Anonymization with Differential Privacy / Secure Data Structures with Intel SGX

Monday, October 22, 2018 2:00 pm - 2:00 pm EDT (GMT -04:00)

Text Anonymization with Differential Privacy

Ben Weggenmann, SAP Security Research 

Huge amounts of textual data are processed every day using text mining and information retrieval techniques to assist us with analyzing, organizing and retrieving text documents. In many cases, it is desirable that the authors of such documents remain anonymous: They can reveal sensitive information about its authors, and critical news articles or customer feedback could cause retaliation or worsening business relations. However, simply removing personally identifying information from a document is insufficient, since so-called authorship attribution methods can reidentify the author just from the writing style.
In this talk, Ben will discuss the importance of privacy for textual data and present SynTF (published at SIGIR’18), the first text anonymization method based on differential privacy. SynTF protects the identities of the authors while preserving semantics to allow e.g. privacy-friendly topic inference tasks. Differential privacy is a statistical notion of privacy that won the 2017 Gödel prize and works by injecting randomness in the resulting data and thus providing plausible deniability for the authors.

Secure Data Structures with Intel SGX

Benny Fuhry, SAP Security Research 

In this talk, Benny Fuhry will mainly present HardIDX, a provably secure database index concept that won a best paper award. It is a hardware-based approach, leveraging Intel's SGX, for search over encrypted data. Only the security critical core, i.e., the search functionality, is implemented in the trusted environment and it resorts to untrusted software for the remainder. HardIDX is logarithmic in the size of the index and searches are performed within a few milliseconds. The implementation has a very small code and memory footprint yet still scales to virtually unlimited search index sizes, i.e., size is limited only by the general - non-secure - hardware resources. He will also talk about other current research projects concerning further secure and fast data structures and database primitives.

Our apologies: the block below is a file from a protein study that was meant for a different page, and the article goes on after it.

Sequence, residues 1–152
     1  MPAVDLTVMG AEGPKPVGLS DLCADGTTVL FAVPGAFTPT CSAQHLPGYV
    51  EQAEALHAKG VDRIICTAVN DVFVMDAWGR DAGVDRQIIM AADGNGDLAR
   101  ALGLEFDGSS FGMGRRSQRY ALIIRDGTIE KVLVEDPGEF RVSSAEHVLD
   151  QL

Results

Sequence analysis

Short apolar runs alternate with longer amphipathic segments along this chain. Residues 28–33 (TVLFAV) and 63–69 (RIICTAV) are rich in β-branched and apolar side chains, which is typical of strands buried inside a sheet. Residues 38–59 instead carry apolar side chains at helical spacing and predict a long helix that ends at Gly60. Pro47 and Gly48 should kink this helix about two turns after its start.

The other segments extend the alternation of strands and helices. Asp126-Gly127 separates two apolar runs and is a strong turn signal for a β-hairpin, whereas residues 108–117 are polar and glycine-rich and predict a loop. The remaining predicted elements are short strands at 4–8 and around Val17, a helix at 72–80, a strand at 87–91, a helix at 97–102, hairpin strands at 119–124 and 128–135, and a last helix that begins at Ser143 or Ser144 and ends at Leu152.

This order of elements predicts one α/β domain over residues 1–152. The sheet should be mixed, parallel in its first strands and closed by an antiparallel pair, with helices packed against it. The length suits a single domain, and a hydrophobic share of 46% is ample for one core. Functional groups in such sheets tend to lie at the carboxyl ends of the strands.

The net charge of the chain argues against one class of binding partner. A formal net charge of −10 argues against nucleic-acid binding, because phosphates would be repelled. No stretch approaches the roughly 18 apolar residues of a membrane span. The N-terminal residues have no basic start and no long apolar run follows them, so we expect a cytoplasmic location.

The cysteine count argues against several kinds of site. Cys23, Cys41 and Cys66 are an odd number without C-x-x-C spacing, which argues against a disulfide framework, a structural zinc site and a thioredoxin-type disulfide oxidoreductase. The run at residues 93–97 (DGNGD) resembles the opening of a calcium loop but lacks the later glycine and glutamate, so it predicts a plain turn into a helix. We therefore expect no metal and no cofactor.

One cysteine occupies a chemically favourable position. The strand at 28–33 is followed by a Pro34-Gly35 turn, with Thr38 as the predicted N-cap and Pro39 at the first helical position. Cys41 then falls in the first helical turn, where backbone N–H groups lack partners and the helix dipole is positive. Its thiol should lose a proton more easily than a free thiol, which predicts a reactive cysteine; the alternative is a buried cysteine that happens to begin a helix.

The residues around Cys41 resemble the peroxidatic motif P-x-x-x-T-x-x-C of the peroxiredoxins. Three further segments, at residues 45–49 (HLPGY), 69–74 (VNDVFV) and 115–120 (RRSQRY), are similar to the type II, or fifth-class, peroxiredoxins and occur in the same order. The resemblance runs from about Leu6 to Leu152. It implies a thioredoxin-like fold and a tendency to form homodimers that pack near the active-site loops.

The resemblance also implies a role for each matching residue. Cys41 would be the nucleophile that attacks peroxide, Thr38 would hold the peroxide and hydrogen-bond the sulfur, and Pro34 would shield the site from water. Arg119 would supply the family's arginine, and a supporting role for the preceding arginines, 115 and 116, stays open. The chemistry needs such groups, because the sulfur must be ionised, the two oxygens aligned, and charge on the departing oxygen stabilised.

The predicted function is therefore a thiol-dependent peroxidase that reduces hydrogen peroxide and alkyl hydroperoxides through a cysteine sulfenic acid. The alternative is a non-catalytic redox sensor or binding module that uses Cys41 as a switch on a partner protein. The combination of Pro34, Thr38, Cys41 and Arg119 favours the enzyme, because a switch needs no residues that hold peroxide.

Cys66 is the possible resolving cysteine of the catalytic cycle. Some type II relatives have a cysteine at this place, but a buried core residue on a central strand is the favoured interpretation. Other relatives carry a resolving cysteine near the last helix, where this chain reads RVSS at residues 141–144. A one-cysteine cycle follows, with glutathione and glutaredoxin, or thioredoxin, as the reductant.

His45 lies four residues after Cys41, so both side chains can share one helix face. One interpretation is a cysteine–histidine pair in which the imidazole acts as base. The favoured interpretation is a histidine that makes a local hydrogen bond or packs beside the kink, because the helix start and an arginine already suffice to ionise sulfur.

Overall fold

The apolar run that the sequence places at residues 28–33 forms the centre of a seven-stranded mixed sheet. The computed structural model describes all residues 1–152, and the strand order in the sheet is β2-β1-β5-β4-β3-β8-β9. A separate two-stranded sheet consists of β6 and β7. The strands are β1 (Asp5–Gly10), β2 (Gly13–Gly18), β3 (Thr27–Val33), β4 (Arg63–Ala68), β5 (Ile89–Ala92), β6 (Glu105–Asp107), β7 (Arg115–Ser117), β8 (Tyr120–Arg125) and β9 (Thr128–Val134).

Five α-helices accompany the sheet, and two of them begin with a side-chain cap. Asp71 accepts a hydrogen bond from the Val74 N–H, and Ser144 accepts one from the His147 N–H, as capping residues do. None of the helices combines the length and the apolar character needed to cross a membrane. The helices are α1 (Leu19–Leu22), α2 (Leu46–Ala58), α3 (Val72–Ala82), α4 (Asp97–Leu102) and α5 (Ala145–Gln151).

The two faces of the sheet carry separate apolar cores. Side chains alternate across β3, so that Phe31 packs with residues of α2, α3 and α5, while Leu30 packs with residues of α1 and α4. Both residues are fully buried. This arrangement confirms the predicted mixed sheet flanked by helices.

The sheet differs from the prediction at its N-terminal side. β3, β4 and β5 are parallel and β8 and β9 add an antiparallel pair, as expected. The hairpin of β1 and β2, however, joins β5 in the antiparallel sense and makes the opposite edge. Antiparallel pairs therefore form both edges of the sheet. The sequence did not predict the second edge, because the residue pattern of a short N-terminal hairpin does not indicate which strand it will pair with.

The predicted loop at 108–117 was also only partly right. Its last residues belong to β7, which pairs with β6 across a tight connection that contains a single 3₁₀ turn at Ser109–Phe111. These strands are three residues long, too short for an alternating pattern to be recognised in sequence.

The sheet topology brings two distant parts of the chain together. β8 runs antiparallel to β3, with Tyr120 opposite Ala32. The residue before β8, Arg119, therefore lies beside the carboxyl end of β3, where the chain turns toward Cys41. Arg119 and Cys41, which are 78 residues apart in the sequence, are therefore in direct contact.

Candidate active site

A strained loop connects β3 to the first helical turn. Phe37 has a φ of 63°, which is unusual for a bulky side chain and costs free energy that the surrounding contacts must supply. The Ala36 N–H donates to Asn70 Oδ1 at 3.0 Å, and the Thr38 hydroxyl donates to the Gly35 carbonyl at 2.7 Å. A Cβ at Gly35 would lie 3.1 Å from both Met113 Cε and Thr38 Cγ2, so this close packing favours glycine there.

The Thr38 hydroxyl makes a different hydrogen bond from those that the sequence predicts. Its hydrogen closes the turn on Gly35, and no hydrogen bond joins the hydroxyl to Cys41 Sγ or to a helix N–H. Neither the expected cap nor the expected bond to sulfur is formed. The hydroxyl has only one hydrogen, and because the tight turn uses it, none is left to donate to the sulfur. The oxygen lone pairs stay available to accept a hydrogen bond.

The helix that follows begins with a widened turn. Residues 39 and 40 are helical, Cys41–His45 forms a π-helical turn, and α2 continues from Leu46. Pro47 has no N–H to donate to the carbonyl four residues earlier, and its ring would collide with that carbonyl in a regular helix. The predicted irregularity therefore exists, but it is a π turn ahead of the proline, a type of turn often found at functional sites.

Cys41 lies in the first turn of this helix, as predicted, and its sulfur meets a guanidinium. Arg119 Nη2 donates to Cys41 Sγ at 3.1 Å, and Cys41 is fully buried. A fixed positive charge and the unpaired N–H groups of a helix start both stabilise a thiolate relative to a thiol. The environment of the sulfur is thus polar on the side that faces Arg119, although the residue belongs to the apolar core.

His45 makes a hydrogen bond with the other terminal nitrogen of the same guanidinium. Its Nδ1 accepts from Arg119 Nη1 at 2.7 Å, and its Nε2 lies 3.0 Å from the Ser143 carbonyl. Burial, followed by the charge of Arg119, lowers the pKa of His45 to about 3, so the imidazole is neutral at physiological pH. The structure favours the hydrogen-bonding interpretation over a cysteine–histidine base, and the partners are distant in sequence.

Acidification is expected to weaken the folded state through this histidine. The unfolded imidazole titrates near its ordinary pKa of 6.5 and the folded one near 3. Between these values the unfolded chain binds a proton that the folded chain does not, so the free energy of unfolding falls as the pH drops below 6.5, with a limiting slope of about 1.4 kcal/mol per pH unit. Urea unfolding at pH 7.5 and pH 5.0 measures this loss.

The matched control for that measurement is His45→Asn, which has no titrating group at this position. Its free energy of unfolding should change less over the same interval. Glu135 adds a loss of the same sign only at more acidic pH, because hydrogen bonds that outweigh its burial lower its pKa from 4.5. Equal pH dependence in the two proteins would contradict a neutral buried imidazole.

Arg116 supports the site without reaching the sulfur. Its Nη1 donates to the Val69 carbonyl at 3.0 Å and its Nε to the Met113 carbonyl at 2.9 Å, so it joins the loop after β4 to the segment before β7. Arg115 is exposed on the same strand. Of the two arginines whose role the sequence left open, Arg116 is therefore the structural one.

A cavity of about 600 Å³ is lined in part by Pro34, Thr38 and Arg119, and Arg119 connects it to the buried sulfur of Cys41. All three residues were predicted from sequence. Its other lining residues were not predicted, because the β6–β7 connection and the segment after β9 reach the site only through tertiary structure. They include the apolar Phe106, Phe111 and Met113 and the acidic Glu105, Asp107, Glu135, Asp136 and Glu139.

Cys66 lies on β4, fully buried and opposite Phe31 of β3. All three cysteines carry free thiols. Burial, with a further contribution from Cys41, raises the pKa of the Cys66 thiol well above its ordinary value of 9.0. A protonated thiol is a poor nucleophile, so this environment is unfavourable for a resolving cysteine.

Ben Weggenmann is a researcher and Ph.D. candidate at SAP Security Research. His research interests cover computer security and data anonymization with a focus on differential privacy. He has previously worked in the industry on cryptography and embedded security and holds a Diplom degree in computer science from Ulm University and a B.Sc. (Hons.) in mathematics from Monash University.
Benny Fuhry is a permanent researcher and Ph.D. candidate at SAP's Security Research division. He holds a bachelor’s and master’s degree from the Karlsruhe Institute of Technology (KIT), Germany. His main contribution to research were an approach to encrypt analytical web applications and a best paper winning concept for a provably secure database index that uses Intel SGX. He currently researches further data structures and database primitives that are secure and fast to enable secure big data analysis in the cloud. Furthermore, he was SAP's leader for the EU research project TREDISEC (Trust-aware, REliable and Distributed Information SEcurity in the Cloud).